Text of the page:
Another Look, an image with you. This is a really exciting time to be a photographer. This image, which I made just last year in the deserts of Botswana, I could not have made even 10 years ago. The cameras are so much better, the lenses are better, and the software is really remarkable. What has not changed in the last 10 years or even in the last 50 years, is the criteria by which I judge images. Let me give you a quick recap. I talked with you about this in more detail in a previous course, The Art Of Seeing, but in my opinion, of course everything is subjective in photography, what do you need to make an image compelling? Well you have to have a real subject, no matter whether it is a big subject like an elephant, or a small subject like a butterfly, and this seems really simple, but too many photographers make the mistake of trying to combine things that are really better treated separately. So, think of one subject, and then take a step beyond your subject and try to establish a ...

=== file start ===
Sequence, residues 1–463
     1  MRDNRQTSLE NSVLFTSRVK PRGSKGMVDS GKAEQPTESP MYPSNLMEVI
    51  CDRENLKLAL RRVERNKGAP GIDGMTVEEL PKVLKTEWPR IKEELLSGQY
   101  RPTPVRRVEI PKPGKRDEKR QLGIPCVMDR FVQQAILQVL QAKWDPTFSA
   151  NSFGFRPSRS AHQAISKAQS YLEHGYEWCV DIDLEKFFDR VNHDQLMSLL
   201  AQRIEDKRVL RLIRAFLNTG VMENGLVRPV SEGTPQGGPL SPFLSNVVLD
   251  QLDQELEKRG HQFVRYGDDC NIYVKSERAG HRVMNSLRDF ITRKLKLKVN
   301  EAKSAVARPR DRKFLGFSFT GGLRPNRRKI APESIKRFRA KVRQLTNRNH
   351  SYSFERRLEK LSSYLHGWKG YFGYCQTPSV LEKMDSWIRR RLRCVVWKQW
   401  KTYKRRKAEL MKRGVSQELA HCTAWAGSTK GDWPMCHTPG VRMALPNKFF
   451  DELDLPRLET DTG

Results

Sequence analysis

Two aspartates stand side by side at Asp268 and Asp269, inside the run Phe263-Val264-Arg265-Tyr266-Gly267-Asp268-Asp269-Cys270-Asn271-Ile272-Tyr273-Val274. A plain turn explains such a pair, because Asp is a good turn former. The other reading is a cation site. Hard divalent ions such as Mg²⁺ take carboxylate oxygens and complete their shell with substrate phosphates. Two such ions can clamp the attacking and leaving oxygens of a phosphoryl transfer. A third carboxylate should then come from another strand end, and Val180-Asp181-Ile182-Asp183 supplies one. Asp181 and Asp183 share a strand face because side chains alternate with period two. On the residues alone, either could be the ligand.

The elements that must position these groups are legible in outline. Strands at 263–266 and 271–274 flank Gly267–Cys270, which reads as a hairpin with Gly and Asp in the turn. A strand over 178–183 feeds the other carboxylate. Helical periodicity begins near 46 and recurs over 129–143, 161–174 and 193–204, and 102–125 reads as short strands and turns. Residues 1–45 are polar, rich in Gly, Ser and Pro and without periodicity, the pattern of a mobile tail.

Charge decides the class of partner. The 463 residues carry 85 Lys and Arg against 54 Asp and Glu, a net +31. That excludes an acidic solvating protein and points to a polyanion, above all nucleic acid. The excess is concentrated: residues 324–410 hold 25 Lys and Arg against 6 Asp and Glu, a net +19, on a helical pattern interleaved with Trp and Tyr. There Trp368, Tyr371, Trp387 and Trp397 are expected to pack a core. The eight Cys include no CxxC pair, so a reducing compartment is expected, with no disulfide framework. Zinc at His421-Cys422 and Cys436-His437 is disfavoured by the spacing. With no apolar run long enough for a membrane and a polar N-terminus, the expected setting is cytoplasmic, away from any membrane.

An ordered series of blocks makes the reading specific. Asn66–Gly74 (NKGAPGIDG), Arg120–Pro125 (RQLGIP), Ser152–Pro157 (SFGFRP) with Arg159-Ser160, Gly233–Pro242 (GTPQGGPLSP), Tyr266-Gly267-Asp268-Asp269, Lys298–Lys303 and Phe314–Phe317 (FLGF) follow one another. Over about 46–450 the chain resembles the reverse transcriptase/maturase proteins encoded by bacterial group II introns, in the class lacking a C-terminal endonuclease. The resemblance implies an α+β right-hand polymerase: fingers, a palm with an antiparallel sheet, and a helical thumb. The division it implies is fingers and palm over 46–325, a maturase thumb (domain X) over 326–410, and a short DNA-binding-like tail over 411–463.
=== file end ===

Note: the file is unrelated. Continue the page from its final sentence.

perspective or, as I call it, try to come up with a point of view, and that's especially important if you're dealing with subjects that have been photographed many times before. Zebras, wonderful animals, but this looks like many other images that you've seen of zebras before, so I try to get beyond the obvious. (audience laughs) This is a rear-end view of zebras and I see your reactions, it elicits a response and that is what I'm aiming for. An image can be compelling if you add a really interesting composition to it, and in The Art Of Seeing I go into more detail about that, you know there's different principles of composition. This is a really simple one, repeating patterns, fish eggs in a laboratory. This is a bit more complicated, a subject as a point in the landscape and then a counterpoint of all the lines converging on the subject. Of course, light is a fundamental quality that can enhance an image, and here are two examples, two unusual examples. The reflected light that shines back from an evening sky and then bathes the whole Pacific Ocean in this ethereal glow. And here, another dramatic example of spot light coming down into a slot canyon in Arizona. When it comes to wildlife photography, or portrait photography if you're trying to focus on people, it often is about the moment. You know, the gesture that is revealed by somebody's facial expression, or the body position, and that is what I try to capture here in this scene where an emperor penguin, looking at a crush of tiny little chicks to try and find her particular chick. And that same kind of moment is expressed here in a herd of impalas that are subtly looking up because they perceive some danger in the tall grass in the savannas of East Africa. Ultimately, the hardest thing to capture in an image is meaning. All these previous aspects are good and we're going to see quite a few interesting examples of that, but meaning is what enables you to transcend the specifics of a situation and to start communicating with your photography to create a bridge to other people. Let me explain to you what I mean by that. We're in the midst of a social media campaign about bonobos, you know they're relatives of chimps, but they're quite different inside and on the outside. This is an image I made of a bonobo, a female, who is playing with an infant, making it twirl around on her legs, and of course any human parent will recognize this, you know, we do this at home. So, when we post these images it has an enormous response from people all over the world, I create a connection between the bonobos and us. Here's a detail of the female who you saw in the previous image, you know she's a lost a lot of her hair and that makes her even more human-like, so both of these images are meant to create connections, to use photography as a way to communicate, not just to create beauty within the frame, but to use images as words that you can pull together as sentences to say something to other people. So, from the sublime to the profane, this is how we're gonna be looking at images today. My mission today is to enhance your vision. You know, as Chris mentioned, we've seen a lot of amazing submissions, we've had to make a painful call, right Chris, otherwise we'd be here for another 24 hours, right? So we've made a selection to show you a variety of landscape images, macro images and wildlife images, and I'm gonna be working together with Ross. Ross works with us in our studio, he makes my images look a lot better than the way they come back from the field, so we're gonna be using Adobe Lightroom to analyze the images and to make them look better. Before we do that, here's a couple of the main tools that we use in Lightroom, how many of you here in the studio are using Lightroom yourselves? Everybody does, it's become the universal tool that photographers around the world use for that purpose. In that previous portrait of Lana, the bonobo, we made some adjustments, and here are the adjustments that Ross and I apply very commonly. We reduce the highlights, kind of which avoids the overblown parts of an image, we pull out the shadow details, we improve the whites and that creates a better tonality, and then we pull down into the blacks as well, and that creates crisper whites and darker blacks, you can also mask the noise that sometimes is apparent in the darker areas of your image. Here's how it starts. The sliders are in a neutral position, and here are a couple of the other tools we're gonna be using, we're gonna be cropping images, we're not gonna be worried too much today about spot removal, that gets tedious, we're not gonna deal with the red-eye reduction because we're not looking at images made of people using direct, head-on flash. This grad filter we're gonna be using a lot, and then there's the brush which enables us to make selective adjustments in just portions of the images.